My 90% Quantum jib was purchased in early 2010 and at that time was called Fusion MX Polyester. It has 5 layers, taffeta, mylar, yarn, mylar, taffeta. It has four batons The yarns can be high tech or polyester. I picked polyester because I need some give on my old wood boat or I start to pull it apart. It is made in panels but designed as a full sail so each panel is custom. The threads go from each of the three corners and fan out to the opposite edge in straight lines. It is not a load path layout. However, I thought that was a good thing as it appealed to my senses of stress and strain. I just don't get the load path idea but that is a personal problem :-) Anyway, they then sew the panels to together to give the sail the correct shape. It has been a very fast sail and basically eliminated our ever wanting to use our 130 as it is faster than the 130 up to where the 155 is the best sail. As you known, a 130 on a boat with rigging on the rail has sheeting angle issues so it can't point as well as the other sails can.

 

Allen

L-36.com

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Yes referring to N and Q.

 

The question is Asian Made sails.. Q is from Malaysia, a fulltime Quantum only loft and North is from Sri-Lanka, I presume a full time North only facility. Just because you are in Asia doesn't mean you go direct to an asian Sailmaker, skipping at the R&D, IP etc etc.

 

Allen, Personal experiences vary and the end product is determined by the salesman, the designer and those handling the bits inbetween.

 

As I said.. Most OEM places will build what they are told to, down to the last Millimeter, right or wrong. There is a lot that is out of salesman's control once he places an order with an OEM factory. It just arrives in a box..

 

My Quantum sails were made in South Africa. The issues I had with them was that they were racing sails made of Dacron and the designer did not allow for the stretch of the Dacron. They fired him after I got my sails. My laminate sail was perfect except that the clew ring was undersized and we bent it the first time out. The specification was correct but they put the wrong ring on in production. That was quickly fixed and the salesman delivered it before the next weeks race. As I recall, he brought it with him and raced with us to make sure it was OK. Stuff happens. My boat is unique being old and wood so every one of the 71 built is a little different. I would not consider an Asian sailmaker for a main or jib because the after delivery support has been so critical. However, it seems that a spinnaker might be different as they don't attach to the boat in the same way.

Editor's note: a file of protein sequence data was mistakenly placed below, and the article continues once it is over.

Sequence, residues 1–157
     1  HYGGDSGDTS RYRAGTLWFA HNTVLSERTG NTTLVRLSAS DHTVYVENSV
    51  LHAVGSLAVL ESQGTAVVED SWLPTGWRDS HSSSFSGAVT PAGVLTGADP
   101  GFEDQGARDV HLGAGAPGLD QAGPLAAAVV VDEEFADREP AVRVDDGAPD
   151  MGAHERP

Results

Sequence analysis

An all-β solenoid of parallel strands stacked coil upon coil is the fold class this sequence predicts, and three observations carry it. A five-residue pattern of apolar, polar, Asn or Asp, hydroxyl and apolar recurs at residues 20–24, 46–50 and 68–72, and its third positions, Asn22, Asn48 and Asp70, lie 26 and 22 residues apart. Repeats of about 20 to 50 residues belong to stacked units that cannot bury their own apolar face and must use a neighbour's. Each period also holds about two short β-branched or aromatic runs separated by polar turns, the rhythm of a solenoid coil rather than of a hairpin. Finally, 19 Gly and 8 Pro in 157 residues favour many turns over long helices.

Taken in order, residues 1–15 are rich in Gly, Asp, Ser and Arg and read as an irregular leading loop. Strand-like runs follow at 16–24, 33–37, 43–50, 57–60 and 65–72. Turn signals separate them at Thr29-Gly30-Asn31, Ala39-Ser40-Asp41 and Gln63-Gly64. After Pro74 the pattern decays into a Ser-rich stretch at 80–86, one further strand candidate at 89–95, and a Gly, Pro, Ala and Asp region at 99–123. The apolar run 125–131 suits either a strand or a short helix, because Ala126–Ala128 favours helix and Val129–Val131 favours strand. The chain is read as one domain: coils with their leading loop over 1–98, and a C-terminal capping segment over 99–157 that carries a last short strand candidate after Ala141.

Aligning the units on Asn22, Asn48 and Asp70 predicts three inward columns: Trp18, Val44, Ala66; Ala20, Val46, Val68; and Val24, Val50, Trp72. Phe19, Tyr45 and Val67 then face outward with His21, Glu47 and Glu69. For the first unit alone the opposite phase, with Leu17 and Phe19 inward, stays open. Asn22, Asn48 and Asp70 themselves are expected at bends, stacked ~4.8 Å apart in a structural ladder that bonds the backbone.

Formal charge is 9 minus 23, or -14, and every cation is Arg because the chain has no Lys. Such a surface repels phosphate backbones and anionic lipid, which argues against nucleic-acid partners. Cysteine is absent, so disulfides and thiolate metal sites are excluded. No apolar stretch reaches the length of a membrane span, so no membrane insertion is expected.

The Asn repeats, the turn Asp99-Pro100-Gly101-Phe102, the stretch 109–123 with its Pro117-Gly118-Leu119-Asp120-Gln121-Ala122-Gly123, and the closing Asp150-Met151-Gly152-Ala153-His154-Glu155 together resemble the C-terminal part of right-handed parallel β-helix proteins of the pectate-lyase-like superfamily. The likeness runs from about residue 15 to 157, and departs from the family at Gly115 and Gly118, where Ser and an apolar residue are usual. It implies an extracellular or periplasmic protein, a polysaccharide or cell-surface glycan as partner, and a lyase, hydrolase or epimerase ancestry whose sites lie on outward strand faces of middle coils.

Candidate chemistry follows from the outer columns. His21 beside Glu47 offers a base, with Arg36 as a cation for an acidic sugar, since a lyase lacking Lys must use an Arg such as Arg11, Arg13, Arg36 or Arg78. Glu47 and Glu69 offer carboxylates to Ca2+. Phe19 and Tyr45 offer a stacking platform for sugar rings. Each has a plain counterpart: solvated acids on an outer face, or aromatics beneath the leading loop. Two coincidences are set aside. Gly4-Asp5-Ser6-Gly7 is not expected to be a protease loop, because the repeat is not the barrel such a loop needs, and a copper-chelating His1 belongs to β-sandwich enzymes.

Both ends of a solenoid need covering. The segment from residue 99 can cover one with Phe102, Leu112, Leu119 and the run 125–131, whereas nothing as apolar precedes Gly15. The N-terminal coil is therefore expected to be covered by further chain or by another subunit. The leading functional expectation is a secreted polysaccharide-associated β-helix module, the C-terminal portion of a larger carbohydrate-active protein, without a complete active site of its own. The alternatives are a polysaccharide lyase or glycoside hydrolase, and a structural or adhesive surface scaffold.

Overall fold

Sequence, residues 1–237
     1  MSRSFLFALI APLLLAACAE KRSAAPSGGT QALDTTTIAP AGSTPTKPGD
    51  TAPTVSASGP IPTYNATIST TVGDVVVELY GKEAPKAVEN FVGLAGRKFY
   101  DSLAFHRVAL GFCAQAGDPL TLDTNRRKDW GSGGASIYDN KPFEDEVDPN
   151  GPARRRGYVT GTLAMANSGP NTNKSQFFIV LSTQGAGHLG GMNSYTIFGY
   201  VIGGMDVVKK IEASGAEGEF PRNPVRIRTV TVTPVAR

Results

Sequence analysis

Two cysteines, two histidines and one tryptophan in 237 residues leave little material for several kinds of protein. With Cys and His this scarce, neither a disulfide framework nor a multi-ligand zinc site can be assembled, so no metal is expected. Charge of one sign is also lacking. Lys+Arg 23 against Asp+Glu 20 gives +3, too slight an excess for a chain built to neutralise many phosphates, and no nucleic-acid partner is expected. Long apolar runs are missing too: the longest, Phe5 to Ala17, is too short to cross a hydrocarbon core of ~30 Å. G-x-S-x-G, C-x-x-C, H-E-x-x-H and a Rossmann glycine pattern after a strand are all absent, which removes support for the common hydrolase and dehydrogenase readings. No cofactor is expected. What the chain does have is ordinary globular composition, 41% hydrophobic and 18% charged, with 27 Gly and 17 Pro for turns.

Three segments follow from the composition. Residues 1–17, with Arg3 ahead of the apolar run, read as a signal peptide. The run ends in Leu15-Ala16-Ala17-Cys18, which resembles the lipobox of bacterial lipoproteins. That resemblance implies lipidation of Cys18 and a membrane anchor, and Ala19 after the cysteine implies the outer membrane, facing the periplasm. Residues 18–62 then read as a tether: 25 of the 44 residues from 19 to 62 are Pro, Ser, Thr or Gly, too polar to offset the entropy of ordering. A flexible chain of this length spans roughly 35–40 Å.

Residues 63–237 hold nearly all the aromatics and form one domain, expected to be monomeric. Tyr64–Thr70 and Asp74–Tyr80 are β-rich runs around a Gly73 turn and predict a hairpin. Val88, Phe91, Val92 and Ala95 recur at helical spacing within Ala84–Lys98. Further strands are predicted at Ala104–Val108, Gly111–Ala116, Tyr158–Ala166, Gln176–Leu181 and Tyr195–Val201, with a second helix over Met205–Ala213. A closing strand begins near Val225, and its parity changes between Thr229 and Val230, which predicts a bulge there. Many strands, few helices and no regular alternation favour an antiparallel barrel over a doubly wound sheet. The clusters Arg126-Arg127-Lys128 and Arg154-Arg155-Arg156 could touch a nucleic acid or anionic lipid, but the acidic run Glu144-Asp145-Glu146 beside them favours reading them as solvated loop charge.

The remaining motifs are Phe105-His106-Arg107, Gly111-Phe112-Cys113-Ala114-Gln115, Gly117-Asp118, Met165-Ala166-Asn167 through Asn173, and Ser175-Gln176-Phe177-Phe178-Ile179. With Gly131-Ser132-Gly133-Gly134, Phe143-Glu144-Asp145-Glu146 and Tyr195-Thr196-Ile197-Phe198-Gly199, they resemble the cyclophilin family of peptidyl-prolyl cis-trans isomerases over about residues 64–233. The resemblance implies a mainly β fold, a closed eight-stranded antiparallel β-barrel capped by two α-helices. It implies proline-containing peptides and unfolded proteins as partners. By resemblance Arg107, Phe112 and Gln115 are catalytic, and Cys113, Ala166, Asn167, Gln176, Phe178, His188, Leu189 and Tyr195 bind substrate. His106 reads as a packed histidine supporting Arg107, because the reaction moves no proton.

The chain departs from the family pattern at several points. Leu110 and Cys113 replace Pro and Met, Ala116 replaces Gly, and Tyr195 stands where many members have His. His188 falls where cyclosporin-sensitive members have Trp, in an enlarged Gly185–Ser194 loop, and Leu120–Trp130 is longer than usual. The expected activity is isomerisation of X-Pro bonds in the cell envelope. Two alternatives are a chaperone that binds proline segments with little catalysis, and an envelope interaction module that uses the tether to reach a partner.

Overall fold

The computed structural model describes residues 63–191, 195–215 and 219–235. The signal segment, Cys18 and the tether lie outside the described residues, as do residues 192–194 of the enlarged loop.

Correct on the South Africa. The Mx range, which has morphed in the the MC range are South Africa. The MR range (Grandprix) are Malaysia.

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Recently got a new genoa which my sailmaker designed and then had made by Dimension/Polyant's loft (in Sri Lanka I think). Thousand bucks cheaper than he could have made it, 2/3 the price of a North sail and the quality is superb. Design is the sailmakers and its great too. He's selling it to me and he's responsible for it.

Only the second sail he's had made there but I don't think it will be the last..........

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always remember. you buy cheap, you get cheap. there are very good sail making companies in asia. and there are those like china sail factory that cut for branded sail making companies. the quality of workmanship coming out of china sail factory is very good. when i was with Banks Sails, we delt with china sail factory and i have never had a complaint with them.